I often find myself in conversations with parents (within and outside of the BCD community) who are in the process of deciding whether or not to enroll their children in private schools. This can be a particularly painful experience if they are in a close knit neighborhood and/or if their friends or colleagues are strong supporters of public education. For me, the reasons are clear.
- Private school students are known and valued. Small class sizes, close school-family partnerships, and teachers that intentionally cultivate a sense of belonging mean your child won’t get lost in the crowd. Because of this, kids can learn better and thrive, even in subjects that they consider to be their least favorite.
- Private schools value parental engagement. Parents are part of our team, and we invite parents into all aspects of school life. Research tells us that parents engaged in their children’s education lead to better student outcomes.
- Private schools are innovative, proactive, and flexible. Unlike our public school colleagues, private schools do not exist within a larger school district. This enables us to change course as appropriate, and respond to the needs of today.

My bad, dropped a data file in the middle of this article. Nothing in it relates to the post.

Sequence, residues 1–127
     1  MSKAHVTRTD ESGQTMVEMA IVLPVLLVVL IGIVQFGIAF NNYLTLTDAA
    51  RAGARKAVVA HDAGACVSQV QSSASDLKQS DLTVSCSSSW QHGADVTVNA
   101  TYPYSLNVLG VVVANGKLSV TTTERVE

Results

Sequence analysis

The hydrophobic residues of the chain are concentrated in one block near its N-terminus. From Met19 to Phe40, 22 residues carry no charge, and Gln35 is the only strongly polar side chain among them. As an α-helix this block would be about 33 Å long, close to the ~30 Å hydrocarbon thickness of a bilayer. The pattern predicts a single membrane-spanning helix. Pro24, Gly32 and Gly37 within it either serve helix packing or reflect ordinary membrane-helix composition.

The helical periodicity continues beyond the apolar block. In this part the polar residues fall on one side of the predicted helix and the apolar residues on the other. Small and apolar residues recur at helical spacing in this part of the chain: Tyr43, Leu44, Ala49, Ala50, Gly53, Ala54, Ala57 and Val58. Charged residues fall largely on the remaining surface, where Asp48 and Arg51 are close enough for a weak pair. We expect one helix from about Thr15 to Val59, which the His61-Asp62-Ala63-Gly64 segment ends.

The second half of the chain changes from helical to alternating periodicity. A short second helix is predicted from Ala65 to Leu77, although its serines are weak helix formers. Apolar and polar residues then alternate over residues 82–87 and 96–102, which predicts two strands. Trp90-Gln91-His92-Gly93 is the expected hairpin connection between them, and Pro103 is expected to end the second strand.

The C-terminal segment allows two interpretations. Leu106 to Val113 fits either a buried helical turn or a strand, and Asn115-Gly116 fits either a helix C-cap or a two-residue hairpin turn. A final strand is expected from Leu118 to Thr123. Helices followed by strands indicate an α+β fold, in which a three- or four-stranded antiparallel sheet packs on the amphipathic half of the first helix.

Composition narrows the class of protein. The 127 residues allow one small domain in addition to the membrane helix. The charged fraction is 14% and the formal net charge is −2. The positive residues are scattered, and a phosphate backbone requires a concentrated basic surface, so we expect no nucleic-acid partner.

- Private schools provide a high degree of physical and emotional safety. Smaller class sizes and lower student-teacher ratios allow us to know our students well. We catch student wellness issues quickly and respond before they escalate.
- Private schools are community schools. Private schools are schools of choice, gathering folks with shared values which result in close bonds, stronger relationships, and a strong sense of community.
Data from the National Association of Independent Schools tell us that a private school’s “holistic approach to education may result in better long-term outcomes for graduates” when it comes to college preparedness. In fact, “a higher percentage of NAIS graduates than public school graduates enrolled in college immediately after high school (85% of NAIS graduates compared to 69% of public school graduates).”
Further, because private school students are more likely to engage with hands-on learning opportunities, participate in extracurricular activities, collaborate with expert teaching staff, and experience customizable coursework, these students experience “higher rates of well-being and workplace engagement later in life.”
In sum, the data shows that students who graduate from private schools are more likely to enter the real world with the knowledge, ambition, and self-awareness needed to take the next step in their academic journey and ultimately, successfully engage with the world.